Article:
Iran rattling sabers in the Persian Gulf

Iranian attack 25aug16

Iranian Revolutionary Guard Corp Navy (IRGCN) ships attacked US Navy vessels last week. The incidents took place near the Strait of Hormuz, a narrow connector between the Persian Gulf and the Arabian Sea. No one was injured in what appeared to be an exercise in harassment. The Iranian speed boats did come close enough to significantly raise the risk of a deadly collision. When one of the Iranian boats came within 200 yards of the American vessel, the USS Tempest. The Americans fired three warning shots and the Iranian decided to call it a day.

There seems to be little official concern on the part of the United States. A state department spokeswoman dismissed the incidents as “unacceptable behavior.” Iranian Defense Minister, General Hossein Dehghan, seemed to suggest that the Iranians were reacting to a perceived threat. “If a foreign vessel enters our waters, we warn them and if it’s an invasion we confront them.”

The American ships in these incidents were operating in International Waters just as they have been since at least 1988. There is nothing new in the situation.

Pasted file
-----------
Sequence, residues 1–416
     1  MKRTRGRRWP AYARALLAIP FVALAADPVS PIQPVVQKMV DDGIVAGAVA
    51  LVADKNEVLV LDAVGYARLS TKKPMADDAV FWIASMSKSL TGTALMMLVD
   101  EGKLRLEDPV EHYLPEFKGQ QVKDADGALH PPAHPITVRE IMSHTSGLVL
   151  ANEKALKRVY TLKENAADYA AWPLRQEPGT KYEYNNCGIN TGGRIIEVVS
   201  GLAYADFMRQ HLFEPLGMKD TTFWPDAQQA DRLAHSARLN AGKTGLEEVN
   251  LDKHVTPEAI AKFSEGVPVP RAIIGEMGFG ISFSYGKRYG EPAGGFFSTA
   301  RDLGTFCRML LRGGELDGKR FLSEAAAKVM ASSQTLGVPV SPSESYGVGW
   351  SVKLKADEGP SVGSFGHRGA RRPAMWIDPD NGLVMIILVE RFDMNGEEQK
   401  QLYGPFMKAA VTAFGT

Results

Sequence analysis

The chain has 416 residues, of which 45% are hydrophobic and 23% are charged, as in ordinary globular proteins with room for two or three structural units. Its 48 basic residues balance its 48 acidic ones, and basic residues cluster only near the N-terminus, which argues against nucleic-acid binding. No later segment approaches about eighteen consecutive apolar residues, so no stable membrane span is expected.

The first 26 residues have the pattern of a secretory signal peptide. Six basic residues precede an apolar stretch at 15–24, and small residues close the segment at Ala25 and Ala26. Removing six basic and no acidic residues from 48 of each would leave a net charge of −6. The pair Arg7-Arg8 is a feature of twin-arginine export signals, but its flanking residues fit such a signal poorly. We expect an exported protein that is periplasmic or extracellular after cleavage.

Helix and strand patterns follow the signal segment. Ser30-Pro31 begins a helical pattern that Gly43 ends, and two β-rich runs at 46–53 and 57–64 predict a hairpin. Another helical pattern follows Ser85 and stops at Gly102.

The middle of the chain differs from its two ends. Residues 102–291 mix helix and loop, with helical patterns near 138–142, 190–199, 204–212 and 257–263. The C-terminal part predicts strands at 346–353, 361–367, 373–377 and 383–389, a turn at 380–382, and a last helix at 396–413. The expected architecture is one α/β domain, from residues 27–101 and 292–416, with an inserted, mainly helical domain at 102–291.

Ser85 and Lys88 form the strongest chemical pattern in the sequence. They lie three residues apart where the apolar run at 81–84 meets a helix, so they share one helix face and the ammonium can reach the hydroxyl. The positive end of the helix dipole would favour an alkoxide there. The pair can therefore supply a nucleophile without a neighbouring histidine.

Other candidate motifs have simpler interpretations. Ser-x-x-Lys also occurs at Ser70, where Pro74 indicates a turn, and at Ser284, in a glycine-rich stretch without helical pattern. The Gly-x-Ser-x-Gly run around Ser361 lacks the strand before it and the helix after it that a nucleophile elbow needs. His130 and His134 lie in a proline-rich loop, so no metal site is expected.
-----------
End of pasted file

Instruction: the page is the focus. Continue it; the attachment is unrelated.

A similar campaign of harassment was carried out from December 2007 through January 2008. In the diplomatic exchanges that followed the naval confrontations, the Iranian threatened to seal off the Strait of Hormuz. That would halt shipping of one third of the world’s oil supply and throw oil markets into a tail spin. The Commander of the US 5th Fleet said that such an action would not be tolerated.

At the end of 2011, Iranian Vice President Mohammad-Reza Rahimi threatened to close down the Strait in response to the imposition of sanctions designed to force a halt to Iran’s nuclear development program. Iranian Admiral Habibollah Sayyari stated that the Iran navy could easily shutdown oil shipments through the strait. A spokeswoman for the US 5th Fleet said the US Navy was ready to respond appropriately. Independent analysts concluded that the US Navy could break a shutdown in less than a month.

The Strait of Hormuz was not shutdown in January 2012.  On January 9, 2012, Iranian Defense Minister Ahmad Vahidi said that Iranian government had never threatened to shut down shipping in the strait. As a matter of fact the Islamic Republic of Iran was a staunch defender of security in the strait.

Nevertheless, by the end of January 2012 a flotilla consisting of six American ships, seven British ships and a French frigate had assembled to help ensure the free flow of shipping through the Strait of Hormuz.

Tensions in the area seemed to be easing in January 2016 after conclusion of the Nuclear deal with Teheran and the lifting of sanctions. But deep seated, fundamental issues remain. Iran and the Western Powers are locked in a clash of cultures and Mideast oil is vital to the Western Way of Life. Approximately one fifth of the world’s petroleum travels by way of the Strait of Hormuz. Loss of that much fuel even for a short period of time would create an extreme hardship. That fact is well understood on both side of the culture divide.

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